Thank you for your continued support.
In 2015, we set an all-time record for membership at West Paces Neighborhood Association -274 Members!
70% of most residents paid their dues. Special congratulations and thanks goes to Kilby, West Paces Ferry Court, Montana, and Rilman Dr. who had 90% or higher! We have come a long away from the 1990’s when about 35% of our residents were members of the association.
Your continued financial support has allowed West Paces Neighborhood Association to slightly increase its security patrols and to continue having one of the safest neighborhoods in Atlanta. Security alarms force criminals to get in and out of our homes quickly and it is our security patrol that deters criminals from making our neighborhood an easy target.
Your support has also allowed us to continue funding neighborhood beautification projects and begin our neighborhood lecture program. In the next week or so, you will hear more about our next lecture which will feature a speaker from the Center for Disease Control and Prevention. We are finalizing a date and it will be one night in mid-February at Pace Academy''s Upper School.
The 2016 dues are $285 and, in order to encourage early renewal, we are offering a discount of $25.00 to those who pay prior to January 15. For new residents, those who moved in after July 2015, a first year membership fee is $137.50.
Among the most difficult things your board faces every year is keeping our data base accurate. As you can imagine, the only way we can do this is with your help. Our new website (www.westpaces.org) allows members to change their personal information. We also need everyone's help in letting us know when new families move into the neighborhood so our New Neighbor Committee can welcome them and give the family relevant information regarding our community.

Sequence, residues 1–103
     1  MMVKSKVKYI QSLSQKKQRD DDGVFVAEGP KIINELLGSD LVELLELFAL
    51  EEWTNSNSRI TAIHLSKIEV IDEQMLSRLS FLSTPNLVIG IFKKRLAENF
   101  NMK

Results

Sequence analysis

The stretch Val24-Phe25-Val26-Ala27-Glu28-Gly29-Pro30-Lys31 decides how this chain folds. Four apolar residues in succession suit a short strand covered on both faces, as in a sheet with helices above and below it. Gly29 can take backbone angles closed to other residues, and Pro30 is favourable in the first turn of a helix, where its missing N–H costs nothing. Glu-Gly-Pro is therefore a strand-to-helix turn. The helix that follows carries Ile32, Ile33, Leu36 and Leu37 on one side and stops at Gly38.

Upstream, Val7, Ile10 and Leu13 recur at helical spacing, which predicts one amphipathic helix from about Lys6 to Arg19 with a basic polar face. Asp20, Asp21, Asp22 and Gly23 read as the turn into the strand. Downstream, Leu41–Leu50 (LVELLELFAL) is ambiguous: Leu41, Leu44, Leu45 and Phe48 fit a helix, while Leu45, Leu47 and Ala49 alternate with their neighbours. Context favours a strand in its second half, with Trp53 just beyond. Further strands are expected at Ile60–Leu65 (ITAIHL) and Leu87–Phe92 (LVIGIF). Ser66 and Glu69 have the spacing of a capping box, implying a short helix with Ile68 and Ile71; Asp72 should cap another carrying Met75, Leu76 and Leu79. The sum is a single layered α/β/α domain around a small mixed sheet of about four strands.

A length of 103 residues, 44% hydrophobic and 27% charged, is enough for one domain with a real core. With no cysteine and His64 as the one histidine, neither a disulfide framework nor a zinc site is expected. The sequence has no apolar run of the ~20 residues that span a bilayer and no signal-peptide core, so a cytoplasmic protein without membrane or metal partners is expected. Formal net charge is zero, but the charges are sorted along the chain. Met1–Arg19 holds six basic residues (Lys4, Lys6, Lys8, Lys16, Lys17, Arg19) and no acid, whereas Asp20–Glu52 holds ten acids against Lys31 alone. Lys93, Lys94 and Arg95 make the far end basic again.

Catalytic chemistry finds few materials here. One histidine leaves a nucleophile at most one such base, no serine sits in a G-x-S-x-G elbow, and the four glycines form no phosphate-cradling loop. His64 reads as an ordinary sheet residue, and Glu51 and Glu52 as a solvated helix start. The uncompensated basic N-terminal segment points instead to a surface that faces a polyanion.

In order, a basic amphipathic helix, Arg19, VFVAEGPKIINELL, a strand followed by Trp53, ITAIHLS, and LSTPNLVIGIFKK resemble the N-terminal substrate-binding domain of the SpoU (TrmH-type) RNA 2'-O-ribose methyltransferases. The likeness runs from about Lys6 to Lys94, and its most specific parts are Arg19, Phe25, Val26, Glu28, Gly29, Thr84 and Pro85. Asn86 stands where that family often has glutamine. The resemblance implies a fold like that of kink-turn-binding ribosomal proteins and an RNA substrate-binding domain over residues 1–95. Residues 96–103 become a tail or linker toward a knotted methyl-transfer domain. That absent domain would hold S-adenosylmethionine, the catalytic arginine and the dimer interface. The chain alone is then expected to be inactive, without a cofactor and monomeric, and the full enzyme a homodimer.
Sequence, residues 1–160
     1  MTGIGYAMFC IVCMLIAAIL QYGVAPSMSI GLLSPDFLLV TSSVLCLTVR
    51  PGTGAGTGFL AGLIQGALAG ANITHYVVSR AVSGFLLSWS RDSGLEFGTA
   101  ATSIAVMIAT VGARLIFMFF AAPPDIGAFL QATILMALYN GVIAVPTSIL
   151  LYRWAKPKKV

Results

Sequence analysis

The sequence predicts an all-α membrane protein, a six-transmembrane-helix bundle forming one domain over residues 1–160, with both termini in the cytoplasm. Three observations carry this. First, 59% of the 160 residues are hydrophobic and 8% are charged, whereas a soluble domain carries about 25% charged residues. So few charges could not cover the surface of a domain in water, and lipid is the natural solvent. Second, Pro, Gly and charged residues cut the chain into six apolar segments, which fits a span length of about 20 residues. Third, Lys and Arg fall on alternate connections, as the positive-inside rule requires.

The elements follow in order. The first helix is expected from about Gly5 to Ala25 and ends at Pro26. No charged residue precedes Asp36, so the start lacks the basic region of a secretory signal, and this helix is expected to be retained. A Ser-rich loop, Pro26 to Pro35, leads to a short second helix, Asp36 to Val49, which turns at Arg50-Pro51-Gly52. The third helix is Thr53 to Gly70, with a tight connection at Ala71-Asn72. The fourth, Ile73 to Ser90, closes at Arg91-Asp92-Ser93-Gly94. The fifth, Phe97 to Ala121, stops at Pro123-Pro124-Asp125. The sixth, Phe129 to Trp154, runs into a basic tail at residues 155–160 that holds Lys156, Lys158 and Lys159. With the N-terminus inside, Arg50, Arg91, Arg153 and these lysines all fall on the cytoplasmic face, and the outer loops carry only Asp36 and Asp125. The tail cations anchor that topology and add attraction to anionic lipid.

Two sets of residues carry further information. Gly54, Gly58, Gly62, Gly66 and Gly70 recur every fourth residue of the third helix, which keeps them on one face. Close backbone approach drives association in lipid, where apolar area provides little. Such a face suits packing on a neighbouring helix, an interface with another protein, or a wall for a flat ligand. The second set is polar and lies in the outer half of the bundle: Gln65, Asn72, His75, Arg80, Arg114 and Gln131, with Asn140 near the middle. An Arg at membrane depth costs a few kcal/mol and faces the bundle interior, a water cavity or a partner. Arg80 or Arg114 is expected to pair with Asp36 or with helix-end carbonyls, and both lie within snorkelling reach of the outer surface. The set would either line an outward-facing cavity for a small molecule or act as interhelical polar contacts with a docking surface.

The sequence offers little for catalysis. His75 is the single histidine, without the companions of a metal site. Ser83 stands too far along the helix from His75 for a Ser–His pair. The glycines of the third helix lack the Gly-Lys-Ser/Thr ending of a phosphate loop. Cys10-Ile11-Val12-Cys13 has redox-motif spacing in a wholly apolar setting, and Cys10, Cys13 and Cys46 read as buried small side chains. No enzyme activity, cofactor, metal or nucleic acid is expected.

Thanks for your support and best wishes for a great 2016!
Craig Perry—Membership Chair
Please email me at the below email address with any corrections you may have or questions regarding your membership status.
West Paces Neighborhood Members,
I hope you had a great holiday season and are looking forward to a
2015 was banner year for your neighborhood association. We had more
members than in any year since our founding. We initiated a new
website, logo, and E- newsletter. In 2016, we will continue to
focus on increasing membership ensuring increased security patrol.
Security will continue to be our number one priority
in 2016, as that was the primary reason for this association's
founding in 1991 and continues to be a chief concern among neighbors.
If you have already joined in 2016, thank you. Please do what you can
to get encourage your local friends and neighbors to join!
While security is our number one priority, we are
always looking for additional ways in which we can enhance the
neighborhood and make living here as unique and beneficial as
possible. Your input and involvement is critical to making that happen
at the highest level. We are all very busy people, but there is
something that we can all contribute to make West Paces Neighborhood a
better place in which to live.
Thank you all and I look forward to seeing you out and about around